Preface; I. Getting Started; 1. A Python Q&A Session; Why Do People Use Python?; Is Python a "Scripting Language"?; Okay, But What's the Downside?; Who Uses Python Today?; What Can I Do With Python?; What are Python's Technical Strengths?; How Does Python Stack-up to Language X?; 2. How Python Runs Programs; Introducing the Python Interpreter; Program Execution; Execution Model Variations; 3. How You Run Programs; Interactive Coding System Command Lines and Files; Clicking Windows File Icons Module Imports and Reloads; The IDLE User Interface; Other IDEs Embedding Calls; Frozen Binary Executables; Text Editor Launch Options; Other Launch Options; Future Possibilities?; Which Option Should I Use?; Part I Exercises; II. Types and Operations 4. Numbers; Python Program Structure; Why Use Built-in Types? Numbers; Python Expression Operators; Numbers in Action The Dynamic Typing Interlude; 5. Strings; String Literals Strings in Action; String Formatting; String Methods General Type Categories; 6. Lists and Dictionaries; Lists Lists in Action; Dictionaries; Dictionaries In Action 7. Tuples, Files, and Everything Else; Tuples; Files Type Categories Revisited; Object Generality; References Versus Copies; Comparisons, Equality, and Truth; Python's Type Hierarchies; Built-in Type Gotchas; Part Summary; Part II Exercises; III. Statements and Syntax; 8. Assignment, Expressions, and Print; Assignment Statements; Expression Statements Print Statements; 9. if Tests; if Statements; Python Syntax Rules; Truth Tests; 10. while and for Loops; while Loops break, continue, pass, and the Loop else; for Loops; Loop Variations; 11. Documenting Python Code; The Python Documentation Interlude; Common Coding Gotchas; Part Summary; Part III Exercises; IV. Functions; 12. Function Basics; Why Use Functions?; Coding Functions; A First Example: Definitions and Calls; A Second Example: Intersecting Sequences; 13. Scopes and Arguments; Scope Rules; The global Statement; Scopes and Nested Functions; Passing Arguments; Special Argument Matching Modes 14. Advanced Function Topics; Anonymous Functions: lambda; Applying Functions to Arguments; Mapping Functions Over Sequences; Functional Programming Tools; List Comprehensions; Generators and Iterators; Function Design Concepts; Function Gotchas; Part Summary; Part IV Exercises; V. Modules; 15. Modules: The Big Picture; Why Use Modules?; Python Program Architecture; How Imports Work; 16. Module Coding Basics; Module Creation Module Usage; Module Namespaces; Reloading Modules 17. Module Packages; Package Import Basics; Package Import Example; Why Use Package Imports?; A Tale of Three Systems 18. Advanced Module Topics; Data Hiding in Modules; Enabling Future Language Features; Mixed Usage Modes: __name_ _ and _ _main_ _; Changing the Module Search Path; The import as Extension; Module Design Concepts; Module Gotchas; Part Summary; Part V Exercises; VI. Classes and OOP; 19. OOP: The Big Picture; Why Use Classes?; OOP from 30,000 Feet; 20.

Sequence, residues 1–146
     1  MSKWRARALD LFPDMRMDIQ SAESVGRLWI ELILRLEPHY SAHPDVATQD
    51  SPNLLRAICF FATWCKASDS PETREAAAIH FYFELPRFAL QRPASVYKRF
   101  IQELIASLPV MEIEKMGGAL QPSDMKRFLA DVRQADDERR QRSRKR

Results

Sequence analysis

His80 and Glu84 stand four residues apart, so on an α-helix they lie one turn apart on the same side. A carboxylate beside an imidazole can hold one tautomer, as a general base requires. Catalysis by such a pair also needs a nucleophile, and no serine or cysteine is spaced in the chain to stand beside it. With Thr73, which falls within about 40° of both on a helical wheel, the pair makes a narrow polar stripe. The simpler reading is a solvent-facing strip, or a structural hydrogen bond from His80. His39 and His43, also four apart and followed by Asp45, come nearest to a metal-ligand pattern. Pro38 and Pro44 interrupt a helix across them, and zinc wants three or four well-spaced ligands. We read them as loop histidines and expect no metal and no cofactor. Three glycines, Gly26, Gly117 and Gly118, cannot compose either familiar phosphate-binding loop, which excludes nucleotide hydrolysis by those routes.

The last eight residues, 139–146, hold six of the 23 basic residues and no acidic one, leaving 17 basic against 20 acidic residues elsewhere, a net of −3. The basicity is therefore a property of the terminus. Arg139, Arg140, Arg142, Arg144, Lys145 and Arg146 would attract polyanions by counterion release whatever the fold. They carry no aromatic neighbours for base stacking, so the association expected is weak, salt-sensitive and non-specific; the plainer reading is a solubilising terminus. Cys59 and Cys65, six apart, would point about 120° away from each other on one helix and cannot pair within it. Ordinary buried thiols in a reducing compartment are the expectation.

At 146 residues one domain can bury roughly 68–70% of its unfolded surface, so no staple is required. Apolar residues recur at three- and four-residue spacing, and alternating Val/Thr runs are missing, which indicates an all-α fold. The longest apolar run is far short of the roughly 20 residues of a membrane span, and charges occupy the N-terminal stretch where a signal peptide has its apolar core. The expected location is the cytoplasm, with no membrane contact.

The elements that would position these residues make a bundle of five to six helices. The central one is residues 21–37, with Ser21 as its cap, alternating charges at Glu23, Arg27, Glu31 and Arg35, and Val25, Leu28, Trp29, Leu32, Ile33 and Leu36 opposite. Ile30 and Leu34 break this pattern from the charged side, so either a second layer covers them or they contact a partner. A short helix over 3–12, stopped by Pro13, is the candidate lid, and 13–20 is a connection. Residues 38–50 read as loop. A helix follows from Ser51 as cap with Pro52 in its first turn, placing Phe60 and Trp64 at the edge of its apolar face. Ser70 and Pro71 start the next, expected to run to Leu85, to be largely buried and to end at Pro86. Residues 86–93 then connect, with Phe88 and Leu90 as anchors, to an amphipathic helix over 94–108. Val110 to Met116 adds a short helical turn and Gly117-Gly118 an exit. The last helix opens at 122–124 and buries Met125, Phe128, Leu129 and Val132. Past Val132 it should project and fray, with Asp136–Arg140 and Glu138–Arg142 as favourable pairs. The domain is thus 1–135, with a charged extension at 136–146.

Mark Lutz is an independent Python trainer, writer, and software developer, and is one of the primary figures in the Python community. He is the author of the O'Reilly books Programming Python and Python Pocket Reference (both in 2nd Editions), and co-author of Learning Python (both in 2nd Editions). Mark has been involved with Python since 1992, began teaching Python classes in 1997, and has instructed over 90 Python training sessions as of early 2003. In addition, he holds BS and MS degrees in computer science from the University of Wisconsin, and over the last two decades has worked on compilers, programming tools, scripting applications, and assorted client/server systems. Whenever Mark gets a break from spreading the Python word, he leads an ordinary, average life with his kids in Colorado. Mark can be reached by email at , or on the web at http://www.rmi.net/~lutz. David Ascher is the lead for Python projects at ActiveState, including Komodo, ActiveState's integrated development environment written mostly in Python. David has taught courses about Python to corporations, in universities, and at conferences. He also organized the Python track at the 1999 and 2000 O'Reilly Open Source Conventions, and was the program chair for the 10th International Python Conference. In addition, he co-wrote Learning Python (both editions) and serves as a director of the Python Software Foundation. David holds a B.S. in physics and a Ph.D. in cognitive science, both from Brown University.
As a book for programmers who want to learn Python, it does a very good job. The coverage is informative and well order; making it easy to find what you're looking for. Overall, if you do some work with Python, you will benefit from owning this book. " - Sam Smith, news@UK, March "This book is a good example of Python culture, in the clarity of its text as much as in the quality of its code. Anyhone working their way through it will have a solid foundation upon which to explore Python's potential. Highly recommended." - Ivan Uemilianin, CVu, October 2004